As Canada and other Western nations became less Christian, the rest of the world became more Christian. The past forty years witnessed the rise of the post-Christian West and global Christianity. “Partners in the Spirit” takes on this issue in respect to Pentecostal faith and ministry in the Canadian context.
Within a single generation, Canada became a secular, multicultural, and religiously plural society. Canadian society today is a place of declining and, in many cases, of closing churches. Though a majority of Canadians still self-identify as Christians, Christianity no longer enjoys the cultural privileges of the Christendom era. Christianity is a marginal religion in respect to mainstream culture. Indeed, for many cultural and political elites, Christianity is an embarrassing heritage hanger-on that is best left in the dustbin of pre-multicultural Canadian history. While Canada became less Christian and more secular, it became more multicultural and religiously plural.
At the same, the global face of Christianity has also changed from being a religion of primarily White Europeans and North Americans, to a religion of the majority world. As Philip Jenkins states, “The era of Western Christianity has passed within our lifetimes, and the day of Southern Christianity is dawning. The fact of change itself is undeniable: it has happened, and will continue to happen.”1 Consider China. Just a few years ago, Christianity in China was no more than a few beleaguered bands of home churches behind the bamboo curtain hunted and persecuted by a communist government. Today, however, according to the Pew Forum, the United States has 173 million adult Christians, which is 71% of its adult population of 245 million.2 The previous official number of Chinese Christians was 100 million. A government-sponsored poll by East China Normal University in 2007 revised that estimate to 300 million. Conservative estimates can range from 67 million to 130 million, while some estimates can reach as high 147 million. It is abundantly clear that the numbers are massive.3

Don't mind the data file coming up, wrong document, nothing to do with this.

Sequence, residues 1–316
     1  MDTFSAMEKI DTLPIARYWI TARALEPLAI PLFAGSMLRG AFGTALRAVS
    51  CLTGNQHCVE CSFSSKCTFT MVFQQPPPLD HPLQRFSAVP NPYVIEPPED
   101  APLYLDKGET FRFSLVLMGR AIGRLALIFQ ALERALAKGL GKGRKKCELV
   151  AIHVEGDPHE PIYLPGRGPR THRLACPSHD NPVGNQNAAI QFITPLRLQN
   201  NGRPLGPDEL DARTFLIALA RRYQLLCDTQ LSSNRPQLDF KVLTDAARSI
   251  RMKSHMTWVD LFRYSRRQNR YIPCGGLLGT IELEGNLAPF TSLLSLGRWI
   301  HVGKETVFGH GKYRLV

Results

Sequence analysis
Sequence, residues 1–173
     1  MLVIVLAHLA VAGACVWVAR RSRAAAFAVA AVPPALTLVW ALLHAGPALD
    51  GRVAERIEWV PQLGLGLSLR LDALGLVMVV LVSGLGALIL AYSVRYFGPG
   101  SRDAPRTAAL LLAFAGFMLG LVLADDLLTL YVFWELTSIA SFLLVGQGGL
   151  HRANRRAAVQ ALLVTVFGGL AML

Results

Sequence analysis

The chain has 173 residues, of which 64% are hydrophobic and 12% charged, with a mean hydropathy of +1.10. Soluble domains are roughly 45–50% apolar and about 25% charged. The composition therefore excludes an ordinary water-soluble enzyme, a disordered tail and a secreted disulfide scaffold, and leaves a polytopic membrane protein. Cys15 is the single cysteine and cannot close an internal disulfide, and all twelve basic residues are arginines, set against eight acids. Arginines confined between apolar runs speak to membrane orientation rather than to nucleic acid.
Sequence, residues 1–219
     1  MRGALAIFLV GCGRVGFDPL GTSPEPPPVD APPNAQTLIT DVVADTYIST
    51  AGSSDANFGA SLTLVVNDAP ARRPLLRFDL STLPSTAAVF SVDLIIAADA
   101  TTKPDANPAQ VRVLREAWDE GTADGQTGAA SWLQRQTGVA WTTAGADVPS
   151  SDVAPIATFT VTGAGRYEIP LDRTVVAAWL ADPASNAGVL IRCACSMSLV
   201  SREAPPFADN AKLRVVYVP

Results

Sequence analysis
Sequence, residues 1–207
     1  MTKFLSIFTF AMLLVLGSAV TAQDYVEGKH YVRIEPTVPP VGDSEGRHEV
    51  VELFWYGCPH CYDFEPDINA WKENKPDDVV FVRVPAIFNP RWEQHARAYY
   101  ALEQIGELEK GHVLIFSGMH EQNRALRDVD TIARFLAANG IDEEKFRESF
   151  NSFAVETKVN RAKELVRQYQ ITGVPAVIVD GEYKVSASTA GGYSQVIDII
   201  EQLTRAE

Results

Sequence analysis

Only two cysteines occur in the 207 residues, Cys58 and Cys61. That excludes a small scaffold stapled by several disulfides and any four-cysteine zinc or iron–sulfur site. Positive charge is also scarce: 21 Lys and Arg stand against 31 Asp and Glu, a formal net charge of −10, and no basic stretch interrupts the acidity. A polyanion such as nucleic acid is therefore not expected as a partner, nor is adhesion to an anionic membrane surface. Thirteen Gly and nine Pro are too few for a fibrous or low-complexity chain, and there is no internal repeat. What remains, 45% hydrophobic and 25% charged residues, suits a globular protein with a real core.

Consider that the number of Christians in China, by the lowest estimate, is twice the entire population of Canada, which until a generation ago was one of the leading ‘Christian’ nations in the world. A recent headline even declared, “China on course to become ‘world’s most Christian nation’ within 15 years.”4
We may quibble over numbers here and there but two facts are clear and undeniable. The church in the West, and Canada, is in hospice care, but in the rest of the world, it is just leaving the maternity ward.
What is important for Pentecostal ministry in Canada is that the two stories—the rise of the post-Christian West and Christianity in the rest of the world—intersect.
Immigration out of the global south to Western European countries, Britain, and, for the interests of this conference, Canada, has brought global Christianity to Toronto, Calgary, and Vancouver. Ironically, while Canada became post-Christian, secular, multicultural, and religiously plural, it also became more Christian. Global Christianity and its new vitality has come to Canada but it has become Christian in a way that people enculturated to white middle class and upper middle class suburban style churches may find uncomfortable.
How should we respond?
Not with fear. Paul encouraged Timothy that “God did not give us a spirit of timidity, but a spirit of power, of love and of self-discipline” (2 Timothy 1:7).
Power, however, should not be understood as the vain triumphalism of human hubris.
Like the disciples on the Day of Pentecost, we need the Holy Spirit to come upon us and liberate us from our post-Christian pessimism and give us tongues to proclaim the Gospel to the nations; people that are no longer at the ends of the earth, but making their home in Canada.
Michael Wilkinson’s two keynote presentations describe the context for ministry in Canada today and Gary Tyra’s two keynote addresses, along with eight parallel session presenters, answer the question: what does the post-Christian, secular, multicultural, and global Christian face of twenty first-century Canada mean for Pentecostal faith and ministry and what are the pathways forward for effective ministry?
They will help Pentecostal ministry leaders discern the way forward for working “out your salvation with fear and trembling” (Phil 2:12) by keeping “in step with the Spirit” (Gal 5:25) in today’s Canada.
1. Philip Jenkins, The Next Christendom, 3.
2. Pew Research Center, May 12, 2015, “America’s Changing Religious Landscape,” 20–32. For the history of Christianity in China, see Daniel H. Bays, A New History of Christianity in China, Blackwell Guides to Global Christianity (Malden, MA: Wiley-Blackwell, 2012).
3. Pew Research Center, December 19, 2011, “Global Christianity—A Report of the Size and Distribution of the World’s Christian Population,” Appendix C. Methodology for China, p. 97 (http://www.pewforum.org/2011/12/19/global-christianity-exec/) and “Christianity in Its Global Context, 1970–2020: Society, Religion, and Mission,” Center for the Study of Global Christianity, Gordon-Conwell Theological Seminary, June 2013, p. 36.
4. Tom Phillips and Zhejiang Liushi, “China on course to become ‘world’s most Christian nation’ within 15 years,” The Telegraph, April 19, 2014.
*The views and opinions expressed in this article are those of the author and do not necessarily reflect the official policy or position of McMaster Divinity College or the Centre for Post-Christendom Studies.*